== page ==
5. The structure of claim 4 further including means operating the remote pulse generating station during a predetermined part of the interval between incidence of successive search pulses.

6. The structure of claim 4 further including means operating the remote pulse generating station throughout the incidence of a search pulse and during a predetermined part of the interval preceding the incidence of the succeeding search pulse.

7. A pulse echo recognition system for the air or surface craft including a station consisting of a pulse transmitter, and a pulse echo receiver, an indicator connected to said receiver for indicating the distances of pulse reflecting craft, means located on said craft for radiating from said craft pulse recognition signals in response to challenging signals from said station, means for receiving said pulse recognition signals, and means for applying said recognition signals to said indicator so that each of said distance indicating signals may be compared to each of said indicated recognition signals.

References Cited by the Examiner UNITED STATES PATENTS 1,899,684 2/1933 Haigis 25036.14 X 1,958,971 5/1934 Lux 25027.1 X 1,981,884 11/1934 Taylor et al 2502.2 2,028,857 1/ 1936 Zworykin. 2,134,716 11/1938 Gunn 2502.3 2,143,035 1/1939 Smith.

2,178,237 10/1939 Linder 250-l.33 2,212,110 8/1940 Bevermann 343-18 X 2,252,083 8/1941 Luck 25011.36 2,287,533 6/1942 Peterson 25015 2,320,428 6/1943 Hansell 25015 2,333,688 11/1943 Shepard.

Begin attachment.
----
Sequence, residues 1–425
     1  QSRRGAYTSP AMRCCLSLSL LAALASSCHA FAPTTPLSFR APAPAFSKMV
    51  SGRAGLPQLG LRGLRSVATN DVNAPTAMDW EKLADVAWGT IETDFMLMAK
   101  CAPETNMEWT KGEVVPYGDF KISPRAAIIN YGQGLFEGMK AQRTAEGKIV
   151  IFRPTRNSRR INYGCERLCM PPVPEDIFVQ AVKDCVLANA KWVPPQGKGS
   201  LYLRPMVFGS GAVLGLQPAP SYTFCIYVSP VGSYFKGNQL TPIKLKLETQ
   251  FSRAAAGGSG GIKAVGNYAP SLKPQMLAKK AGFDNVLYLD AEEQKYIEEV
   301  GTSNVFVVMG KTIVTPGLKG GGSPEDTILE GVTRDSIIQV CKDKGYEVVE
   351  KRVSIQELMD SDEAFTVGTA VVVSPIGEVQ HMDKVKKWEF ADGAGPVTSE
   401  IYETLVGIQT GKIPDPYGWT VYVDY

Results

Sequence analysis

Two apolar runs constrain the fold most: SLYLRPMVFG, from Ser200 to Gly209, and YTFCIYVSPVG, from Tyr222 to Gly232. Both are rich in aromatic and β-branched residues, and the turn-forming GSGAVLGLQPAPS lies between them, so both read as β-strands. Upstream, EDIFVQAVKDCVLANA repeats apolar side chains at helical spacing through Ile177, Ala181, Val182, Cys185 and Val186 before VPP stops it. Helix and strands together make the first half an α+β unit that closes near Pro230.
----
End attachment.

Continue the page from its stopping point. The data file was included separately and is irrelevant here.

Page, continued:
2,344,813 3/ 1944 Goldstine 250-15 2,405,765 8/1946 Smith 250-15' 2,885,665 5/1959 Wolff 3436.5

CHESTER L. I USTUS, Primary Examiner.

C. D. BACKUS, MELVIN I-l. FRIEDMAN, SIMON YAFFEE, NORMAN H. EVANS, Examiners.

J. B. PROUTY, A. S. TENSOR, A. K. GEER, M. A. MORRISON, T. H. TUBBESING, Assistant Examiners.

Patent Citations
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Referenced by
Citing PatentFiling datePublication dateApplicantTitle
US4003049 *Jul 3, 1975Jan 11, 1977Rca CorporationDual mode automobile collision avoidance radar
US4376937 *Sep 2, 1980Mar 15, 1983Thomson-CsfAntenna for primary and secondary radars
Classifications
U.S. Classification342/43
International ClassificationG01S13/78, G01S13/00
Cooperative ClassificationG01S13/78
European ClassificationG01S13/78